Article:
And it could be about to get much more expensive this summer. New laws, which come into force in June, will give local authorities new powers to impose fines for a raft of driving offences.
At the moment, enforcement of so-called "moving traffic offences", such as failing to adhere to road signs or stopping in yellow box-junctions (surely a stationary traffic offence?) is generally the preserve of the police. Exceptions to this rule have been in London and Cardiff, which have had the powers to enforce offences themselves, but from June 1 a further 300 local authorities in England – those which are already allowed to enforce parking offences and bus lanes – will be able to apply for special powers to impose fines for such offences.
Walsall Council has indicated it intends to apply for the new powers – although it won't be until December at the earliest – while Sandwell Council says it has also expressed an interest, but there are no immediate plans. Telford and Dudley are still weighing up the options. Wolverhampton and Shropshire Councils are yet to say whether they will take up the option.
Transport minister Baroness Vere says the legislation is basic common sense, giving local authorities the power to enforce road safety in their own neighbourhoods, while freeing police officers to concentrate on real crime.
But RAC spokesman Simon Williams is fearful that some cash-strapped authorities could see it as an opportunity to raise additional revenue.
Last year, a freedom-of-information request from the RAC revealed that authorities in London and Cardiff raked in a whopping £58.2 million from drivers committing moving traffic offences in just one year, 2018/19. And for the period from 2016-2019, the same councils issued 1.3 million fines, bringing in £86 million. That is a lot of money at a time when many councils are feeling the pinch.
Of course, many will say that the solution lies in the hands of the driver – don't break the rules and you won't get fined. But Mr Williams says experience shows that this is a simplistic view.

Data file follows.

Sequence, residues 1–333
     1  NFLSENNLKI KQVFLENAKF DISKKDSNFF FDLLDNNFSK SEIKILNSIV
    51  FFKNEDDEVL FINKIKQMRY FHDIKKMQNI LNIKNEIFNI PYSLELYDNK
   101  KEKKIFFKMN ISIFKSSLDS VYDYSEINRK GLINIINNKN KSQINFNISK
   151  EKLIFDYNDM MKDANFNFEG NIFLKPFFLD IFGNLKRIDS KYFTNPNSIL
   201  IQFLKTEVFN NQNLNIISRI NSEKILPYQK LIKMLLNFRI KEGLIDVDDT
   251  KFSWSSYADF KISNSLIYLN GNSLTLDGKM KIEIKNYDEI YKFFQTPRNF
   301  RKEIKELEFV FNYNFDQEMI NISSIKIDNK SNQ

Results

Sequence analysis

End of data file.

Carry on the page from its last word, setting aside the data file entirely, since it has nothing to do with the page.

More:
“It’s right that councils outside London have the ability to enforce known rule-breaking hotspots, but we’re fearful that some authorities may be over-enthusiastic in using their new powers for revenue raising reasons, to the detriment of drivers," he says.
“While the Government has pledged to give councils advice on how best to let drivers know enforcement is taking place, what’s really needed is clear guidance on making sure enforcement is always carried out fairly. Drivers who blatantly ignore signage or highway rules should expect penalties, but there are instances which are not always clear-cut."
Part of the problem, he says, is that many road layouts are designed is such a way that complying with the rules can be difficult.
“For example, large yellow box junctions can be particularly problematic to get across without stopping, often due to their design, so it’s important common sense is applied rather than instantly issuing penalties to drivers," he says.
"The first thing councils should do is review the road layout at these junctions to make sure drivers can negotiate them at all times, but especially at busy periods.”
The RAC commissioned chartered engineer Sam Wright, who was formerly responsible for the design and approval of yellow boxes in London, to write a report on how they are enforced in the capital. He found there was little official guidance to councils on the acceptable reasons for installing yellow boxes in the first place; there was no advice on what their purpose should be, how to design them in relation to vehicle movements, and no information on how they should be maintained and enforced.
John Fitzsimons, of the Love Money website, is in no doubt that some councils will view these new powers as an opportunity to boost their coffers.